d'Espagnat is troubled by the scant attention paid to philosophy of physics
Bernard d'Espagnat, a French physicist and philosopher, has won the annual Templeton Prize with a purse of £1m.
The prize honours "an exceptional contribution to affirming life's spiritual dimension" and has been awarded to scientists and theologians.
Professor d'Espagnat, 87, worked with great luminaries of quantum physics but went on to address the philosophical questions that the field poses.
The award will be officially presented by the Duke of Edinburgh on 5 May.
The prize is consistently the largest annual award given to an individual.
A professor emeritus from University of Paris Sud, d'Espagnat told BBC News that he would use one-third of the prize money to fund the kind of research he has pursued, and will donate a further third to charity.
The Templeton Foundation award is largely designed to honour work that finds a common ground between science and religion, with the award going more often to scientists than theologians or philosophers.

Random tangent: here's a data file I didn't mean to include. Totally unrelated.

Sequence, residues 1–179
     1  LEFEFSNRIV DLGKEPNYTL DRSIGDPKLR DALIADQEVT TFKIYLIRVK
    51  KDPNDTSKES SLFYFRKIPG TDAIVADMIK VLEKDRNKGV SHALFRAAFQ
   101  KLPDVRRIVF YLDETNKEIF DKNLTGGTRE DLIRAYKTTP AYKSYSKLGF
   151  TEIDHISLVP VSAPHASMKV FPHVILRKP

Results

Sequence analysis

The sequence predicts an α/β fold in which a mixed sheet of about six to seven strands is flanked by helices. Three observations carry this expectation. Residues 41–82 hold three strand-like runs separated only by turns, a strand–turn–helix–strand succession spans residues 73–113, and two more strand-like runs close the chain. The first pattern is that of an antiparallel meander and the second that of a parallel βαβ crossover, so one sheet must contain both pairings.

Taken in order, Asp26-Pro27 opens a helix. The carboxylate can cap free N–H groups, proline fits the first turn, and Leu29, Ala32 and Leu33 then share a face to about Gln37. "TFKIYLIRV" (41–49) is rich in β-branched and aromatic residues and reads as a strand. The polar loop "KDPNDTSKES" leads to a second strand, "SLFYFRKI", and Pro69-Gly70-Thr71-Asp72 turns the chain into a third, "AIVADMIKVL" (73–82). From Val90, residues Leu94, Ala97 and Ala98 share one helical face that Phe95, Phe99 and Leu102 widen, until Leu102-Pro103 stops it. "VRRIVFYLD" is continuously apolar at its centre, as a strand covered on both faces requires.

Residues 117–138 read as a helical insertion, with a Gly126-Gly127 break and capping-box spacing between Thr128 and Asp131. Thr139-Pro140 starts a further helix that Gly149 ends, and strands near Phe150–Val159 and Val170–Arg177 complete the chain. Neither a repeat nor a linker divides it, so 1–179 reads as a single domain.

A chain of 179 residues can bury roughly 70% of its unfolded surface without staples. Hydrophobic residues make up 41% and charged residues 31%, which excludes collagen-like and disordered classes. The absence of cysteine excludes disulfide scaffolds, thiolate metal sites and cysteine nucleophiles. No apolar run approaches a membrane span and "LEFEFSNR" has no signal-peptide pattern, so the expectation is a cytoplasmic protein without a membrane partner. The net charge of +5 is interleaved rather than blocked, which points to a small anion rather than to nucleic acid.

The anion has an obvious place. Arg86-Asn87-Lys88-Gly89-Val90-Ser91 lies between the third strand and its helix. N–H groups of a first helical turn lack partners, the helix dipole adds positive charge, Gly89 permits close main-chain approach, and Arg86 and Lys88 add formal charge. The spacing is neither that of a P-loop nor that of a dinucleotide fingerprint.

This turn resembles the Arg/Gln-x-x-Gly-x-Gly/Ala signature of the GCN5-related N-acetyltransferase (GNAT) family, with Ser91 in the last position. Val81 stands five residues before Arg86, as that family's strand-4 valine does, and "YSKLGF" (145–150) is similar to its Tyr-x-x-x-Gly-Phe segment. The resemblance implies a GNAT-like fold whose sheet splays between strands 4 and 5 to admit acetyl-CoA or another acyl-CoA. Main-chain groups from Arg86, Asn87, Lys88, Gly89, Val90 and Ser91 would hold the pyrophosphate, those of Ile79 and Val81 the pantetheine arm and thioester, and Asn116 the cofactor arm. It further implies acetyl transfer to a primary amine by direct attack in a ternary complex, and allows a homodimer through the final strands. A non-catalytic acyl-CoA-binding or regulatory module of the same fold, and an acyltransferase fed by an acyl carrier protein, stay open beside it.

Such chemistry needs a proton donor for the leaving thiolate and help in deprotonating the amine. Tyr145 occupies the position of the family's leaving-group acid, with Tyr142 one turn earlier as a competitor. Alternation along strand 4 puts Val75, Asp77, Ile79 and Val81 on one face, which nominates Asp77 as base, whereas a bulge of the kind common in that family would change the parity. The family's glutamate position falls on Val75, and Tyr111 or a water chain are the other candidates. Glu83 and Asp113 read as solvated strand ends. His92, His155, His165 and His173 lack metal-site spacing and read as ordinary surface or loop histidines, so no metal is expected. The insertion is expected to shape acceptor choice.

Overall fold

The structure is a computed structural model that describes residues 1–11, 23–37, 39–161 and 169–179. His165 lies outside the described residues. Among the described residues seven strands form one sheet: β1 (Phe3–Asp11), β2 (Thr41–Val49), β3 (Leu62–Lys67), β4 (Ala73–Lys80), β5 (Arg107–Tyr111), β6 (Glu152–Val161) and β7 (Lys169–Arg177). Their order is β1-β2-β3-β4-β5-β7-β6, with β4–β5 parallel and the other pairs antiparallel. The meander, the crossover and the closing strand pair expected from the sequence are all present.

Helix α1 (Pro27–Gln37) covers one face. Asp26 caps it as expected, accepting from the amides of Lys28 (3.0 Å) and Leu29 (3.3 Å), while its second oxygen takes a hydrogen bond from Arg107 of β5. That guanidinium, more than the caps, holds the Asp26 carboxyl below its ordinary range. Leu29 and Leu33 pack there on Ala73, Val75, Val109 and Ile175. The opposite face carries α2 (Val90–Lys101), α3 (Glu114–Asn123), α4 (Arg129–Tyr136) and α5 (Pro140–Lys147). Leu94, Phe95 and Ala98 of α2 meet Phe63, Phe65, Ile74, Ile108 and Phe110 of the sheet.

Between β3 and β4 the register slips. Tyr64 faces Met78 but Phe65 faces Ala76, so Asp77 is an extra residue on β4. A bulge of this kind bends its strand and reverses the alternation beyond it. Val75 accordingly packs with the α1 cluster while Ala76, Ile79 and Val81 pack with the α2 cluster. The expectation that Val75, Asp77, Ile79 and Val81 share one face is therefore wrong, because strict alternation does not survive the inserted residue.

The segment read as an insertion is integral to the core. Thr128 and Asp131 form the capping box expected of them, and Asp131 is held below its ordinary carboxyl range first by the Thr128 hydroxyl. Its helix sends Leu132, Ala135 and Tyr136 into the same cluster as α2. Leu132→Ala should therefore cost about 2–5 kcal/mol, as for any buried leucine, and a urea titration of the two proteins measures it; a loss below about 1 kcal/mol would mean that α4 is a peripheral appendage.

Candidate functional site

Professor d'Espagnat's scientific pedigree put him at the centre of the growth of quantum mechanics, working with Nobel laureates in the field including Enrico Fermi and Niels Bohr.
But he was troubled by how little the field was addressing the philosophical questions raised by the theory - which for the first time suggested that experiments were not measuring an absolute reality and that the experimenter could influence the result.
While Professor d'Espagnat's work is not explicitly religious, he aims to delineate what science cannot definitively rule out.
His concept of an ultimate reality - as he terms it, "the ground of things" - is only glimpsed, not explicitly described, by science.
Science, he said, "is aimed not at describing 'reality as it really is' but at predicting what will be observed in such-and-such circumstances".
"What science really teaches us is that it's not with ordinary concepts that we shall ever reach 'the ground of things'," he added.
The spiritual, he argues, cannot be ruled out by scientific endeavour. However, for him, the existence of something inexplicable does not create an uncomfortable sense of mystery.
"Mystery is not something negative that has to be eliminated," he said. "On the contrary, it is one of the constitutive elements of being."